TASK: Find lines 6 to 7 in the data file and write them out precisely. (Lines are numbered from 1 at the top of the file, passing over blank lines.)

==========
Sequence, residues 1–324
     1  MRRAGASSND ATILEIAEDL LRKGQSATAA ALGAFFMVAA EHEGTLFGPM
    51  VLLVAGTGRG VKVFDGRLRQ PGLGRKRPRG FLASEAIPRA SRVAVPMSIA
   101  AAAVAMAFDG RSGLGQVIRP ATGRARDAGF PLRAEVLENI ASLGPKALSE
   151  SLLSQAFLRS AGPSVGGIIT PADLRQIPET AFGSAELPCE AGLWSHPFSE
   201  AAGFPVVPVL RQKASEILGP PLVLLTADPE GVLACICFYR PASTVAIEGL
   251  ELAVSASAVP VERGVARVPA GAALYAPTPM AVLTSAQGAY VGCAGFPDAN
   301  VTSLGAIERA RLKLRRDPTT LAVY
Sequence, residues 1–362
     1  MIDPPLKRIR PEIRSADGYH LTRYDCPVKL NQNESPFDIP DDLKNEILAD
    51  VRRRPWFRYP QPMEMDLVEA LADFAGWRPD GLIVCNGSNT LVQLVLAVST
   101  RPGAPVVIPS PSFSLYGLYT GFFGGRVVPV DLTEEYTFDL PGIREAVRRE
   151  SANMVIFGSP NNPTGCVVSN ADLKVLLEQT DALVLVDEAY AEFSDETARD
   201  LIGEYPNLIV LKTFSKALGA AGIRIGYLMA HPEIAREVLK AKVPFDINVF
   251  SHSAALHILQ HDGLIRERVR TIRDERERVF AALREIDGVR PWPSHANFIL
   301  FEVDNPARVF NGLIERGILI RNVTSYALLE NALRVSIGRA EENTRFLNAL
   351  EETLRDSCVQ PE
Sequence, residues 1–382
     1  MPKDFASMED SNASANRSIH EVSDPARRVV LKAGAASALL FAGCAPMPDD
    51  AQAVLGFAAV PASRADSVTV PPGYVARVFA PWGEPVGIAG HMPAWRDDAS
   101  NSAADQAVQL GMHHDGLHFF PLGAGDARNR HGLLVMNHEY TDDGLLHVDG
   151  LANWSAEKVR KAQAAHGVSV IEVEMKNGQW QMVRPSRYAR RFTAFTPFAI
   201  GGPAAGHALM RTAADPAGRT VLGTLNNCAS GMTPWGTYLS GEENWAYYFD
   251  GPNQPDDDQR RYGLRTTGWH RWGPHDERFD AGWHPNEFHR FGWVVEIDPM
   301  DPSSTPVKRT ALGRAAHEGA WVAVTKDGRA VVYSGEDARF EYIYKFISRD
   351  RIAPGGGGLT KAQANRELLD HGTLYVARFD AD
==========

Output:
   201  AAGFPVVPVL RQKASEILGP PLVLLTADPE GVLACICFYR PASTVAIEGL
   251  ELAVSASAVP VERGVARVPA GAALYAPTPM AVLTSAQGAY VGCAGFPDAN